Monday, January 25, 2010

California's Union Wars

As California sinks with an ocean of debt, two stories over the weekend describe the state of union affairs in the Golden State.

On Friday, the Wall Street Journal's Steven Greenhut wrote about how public employee unions are sinking California.

The state is in a precarious position, with a 12.3% unemployment rate (more than two points higher than the national average) and a budget $20 billion in the red (only months after the last budget fix closed a large deficit). Productive Californians are leaving for states with less-punishing regulatory and tax regimes. Yet so far there isn't a broad consensus to do much about those who have prodded the state into its current position: public employee unions that drive costs up and fight to block spending cuts.

California's bodybuilder-turned-actor-turned governor Arnold Schwarzenegger is responding to his adopted state's crisis with proposals that promise to turn California into a battleground with public union bosses and their members on one side and the 'governator' and taxpayers on the other.  According to the Los Angeles Times:

Among the plans in the governor's budget: privatize prisons, which would strip members from the influential guards union; curtail seniority protections for teachers, a key union-won protection; and reduce the number of sick, disabled and elderly Californians cared for through the state's In-Home Supportive Services program -- almost all union jobs -- while cutting what their caregivers are paid.

Schwarzenegger also wants to permanently lower state workforce salaries by 5% without returning to the bargaining table with public-sector unions. And he would require state workers to chip 5% more into their retirement plans.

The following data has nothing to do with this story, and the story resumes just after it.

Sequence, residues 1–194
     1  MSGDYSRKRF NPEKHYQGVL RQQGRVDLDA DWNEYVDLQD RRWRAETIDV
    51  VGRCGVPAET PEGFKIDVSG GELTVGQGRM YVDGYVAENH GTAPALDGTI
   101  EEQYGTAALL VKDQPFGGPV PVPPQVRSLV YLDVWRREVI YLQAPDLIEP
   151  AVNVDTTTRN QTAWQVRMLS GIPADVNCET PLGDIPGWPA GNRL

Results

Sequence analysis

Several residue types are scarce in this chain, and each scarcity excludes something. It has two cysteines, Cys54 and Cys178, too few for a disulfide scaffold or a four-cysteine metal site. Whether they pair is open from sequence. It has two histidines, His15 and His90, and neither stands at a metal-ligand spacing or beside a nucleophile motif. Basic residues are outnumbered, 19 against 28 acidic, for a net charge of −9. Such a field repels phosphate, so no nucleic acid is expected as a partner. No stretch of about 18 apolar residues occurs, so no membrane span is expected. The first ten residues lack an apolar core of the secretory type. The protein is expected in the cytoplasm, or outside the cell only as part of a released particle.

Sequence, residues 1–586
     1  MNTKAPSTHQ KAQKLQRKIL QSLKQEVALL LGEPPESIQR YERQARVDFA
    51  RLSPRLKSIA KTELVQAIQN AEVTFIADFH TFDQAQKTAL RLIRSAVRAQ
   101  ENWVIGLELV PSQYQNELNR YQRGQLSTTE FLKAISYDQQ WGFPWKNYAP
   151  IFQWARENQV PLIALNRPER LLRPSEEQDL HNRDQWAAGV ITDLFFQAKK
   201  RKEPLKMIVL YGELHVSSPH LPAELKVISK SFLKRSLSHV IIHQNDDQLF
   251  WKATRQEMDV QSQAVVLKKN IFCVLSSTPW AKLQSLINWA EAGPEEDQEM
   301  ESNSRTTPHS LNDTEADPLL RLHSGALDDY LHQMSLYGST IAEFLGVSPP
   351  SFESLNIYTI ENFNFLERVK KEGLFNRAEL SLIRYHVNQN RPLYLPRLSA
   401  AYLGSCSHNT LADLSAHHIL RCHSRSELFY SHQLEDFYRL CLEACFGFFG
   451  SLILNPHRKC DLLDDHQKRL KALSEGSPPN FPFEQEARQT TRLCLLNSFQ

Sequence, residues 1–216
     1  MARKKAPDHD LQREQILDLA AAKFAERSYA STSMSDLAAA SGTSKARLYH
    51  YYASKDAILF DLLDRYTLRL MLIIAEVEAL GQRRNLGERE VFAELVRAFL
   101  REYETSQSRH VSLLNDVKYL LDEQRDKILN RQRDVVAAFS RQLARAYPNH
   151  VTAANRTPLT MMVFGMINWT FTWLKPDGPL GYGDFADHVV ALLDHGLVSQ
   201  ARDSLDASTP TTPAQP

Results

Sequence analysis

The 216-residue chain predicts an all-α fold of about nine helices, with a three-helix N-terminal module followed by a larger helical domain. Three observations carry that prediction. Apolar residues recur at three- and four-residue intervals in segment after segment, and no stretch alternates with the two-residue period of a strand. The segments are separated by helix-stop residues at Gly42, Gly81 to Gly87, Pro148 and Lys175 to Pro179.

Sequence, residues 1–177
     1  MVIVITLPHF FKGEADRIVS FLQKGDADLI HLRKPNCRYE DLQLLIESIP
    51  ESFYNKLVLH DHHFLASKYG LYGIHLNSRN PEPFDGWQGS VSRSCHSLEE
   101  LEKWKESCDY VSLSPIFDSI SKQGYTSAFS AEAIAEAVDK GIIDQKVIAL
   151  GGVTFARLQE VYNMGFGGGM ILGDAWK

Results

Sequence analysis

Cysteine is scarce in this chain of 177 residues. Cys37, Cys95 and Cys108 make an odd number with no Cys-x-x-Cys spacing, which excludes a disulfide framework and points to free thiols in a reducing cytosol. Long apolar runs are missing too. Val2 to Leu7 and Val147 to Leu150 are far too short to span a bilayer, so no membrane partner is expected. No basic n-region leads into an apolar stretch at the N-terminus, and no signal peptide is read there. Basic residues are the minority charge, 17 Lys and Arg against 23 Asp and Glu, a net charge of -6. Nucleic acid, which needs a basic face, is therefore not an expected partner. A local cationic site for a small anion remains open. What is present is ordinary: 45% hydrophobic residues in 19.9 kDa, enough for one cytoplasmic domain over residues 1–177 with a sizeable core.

"The public sector also has to take a haircut," Schwarzenegger said, arguing his policies would save California billions of dollars, now and in the future.

Matt David, Schwarzenegger's communications director, says the governor's proposed budget makes hard but necessary choices, given a $20-billion deficit.
"This budget wasn't about attacking any specific group," he said. "It was about trying to fix what's broken in this state and prioritize the funding we have so we can protect education."

Union bosses are not pleased.

Labor and the unions' Democratic allies are already girding for battle.

"It's a continuing jihad against organized labor," said Steve Maviglio, a Sacramento-based Democratic strategist. "The governor thinks public employee unions are Enemy No. 1."

Unfortunately, if Schwarzenegger fails at reining in the costs, it may be that all Americans will be footing the bill of California's give-aways to the public employee unions.

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"I bring reason to your ears, and, in language as plain as ABC, hold up truth to your eyes." Thomas Paine December 23, 1776

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